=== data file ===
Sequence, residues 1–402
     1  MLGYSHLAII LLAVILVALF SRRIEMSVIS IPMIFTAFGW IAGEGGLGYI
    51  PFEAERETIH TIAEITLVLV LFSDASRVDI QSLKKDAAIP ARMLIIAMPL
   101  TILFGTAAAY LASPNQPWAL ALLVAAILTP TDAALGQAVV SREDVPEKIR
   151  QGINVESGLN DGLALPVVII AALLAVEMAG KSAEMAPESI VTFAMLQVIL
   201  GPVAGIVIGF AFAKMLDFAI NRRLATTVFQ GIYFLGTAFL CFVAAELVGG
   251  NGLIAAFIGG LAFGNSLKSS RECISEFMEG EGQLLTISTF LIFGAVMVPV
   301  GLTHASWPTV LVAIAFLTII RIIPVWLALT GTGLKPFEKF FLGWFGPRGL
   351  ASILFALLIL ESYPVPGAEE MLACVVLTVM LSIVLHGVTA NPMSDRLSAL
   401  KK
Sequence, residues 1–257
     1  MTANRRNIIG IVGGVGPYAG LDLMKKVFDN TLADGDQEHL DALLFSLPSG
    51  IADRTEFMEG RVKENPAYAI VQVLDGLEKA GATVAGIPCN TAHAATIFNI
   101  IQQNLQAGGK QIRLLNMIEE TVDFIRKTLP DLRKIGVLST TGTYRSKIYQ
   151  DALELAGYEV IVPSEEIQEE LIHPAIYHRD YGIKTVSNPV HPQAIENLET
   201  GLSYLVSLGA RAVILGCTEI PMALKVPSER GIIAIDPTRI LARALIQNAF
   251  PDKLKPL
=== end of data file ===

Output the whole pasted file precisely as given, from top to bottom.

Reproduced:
Sequence, residues 1–402
     1  MLGYSHLAII LLAVILVALF SRRIEMSVIS IPMIFTAFGW IAGEGGLGYI
    51  PFEAERETIH TIAEITLVLV LFSDASRVDI QSLKKDAAIP ARMLIIAMPL
   101  TILFGTAAAY LASPNQPWAL ALLVAAILTP TDAALGQAVV SREDVPEKIR
   151  QGINVESGLN DGLALPVVII AALLAVEMAG KSAEMAPESI VTFAMLQVIL
   201  GPVAGIVIGF AFAKMLDFAI NRRLATTVFQ GIYFLGTAFL CFVAAELVGG
   251  NGLIAAFIGG LAFGNSLKSS RECISEFMEG EGQLLTISTF LIFGAVMVPV
   301  GLTHASWPTV LVAIAFLTII RIIPVWLALT GTGLKPFEKF FLGWFGPRGL
   351  ASILFALLIL ESYPVPGAEE MLACVVLTVM LSIVLHGVTA NPMSDRLSAL
   401  KK
Sequence, residues 1–257
     1  MTANRRNIIG IVGGVGPYAG LDLMKKVFDN TLADGDQEHL DALLFSLPSG
    51  IADRTEFMEG RVKENPAYAI VQVLDGLEKA GATVAGIPCN TAHAATIFNI
   101  IQQNLQAGGK QIRLLNMIEE TVDFIRKTLP DLRKIGVLST TGTYRSKIYQ
   151  DALELAGYEV IVPSEEIQEE LIHPAIYHRD YGIKTVSNPV HPQAIENLET
   201  GLSYLVSLGA RAVILGCTEI PMALKVPSER GIIAIDPTRI LARALIQNAF
   251  PDKLKPL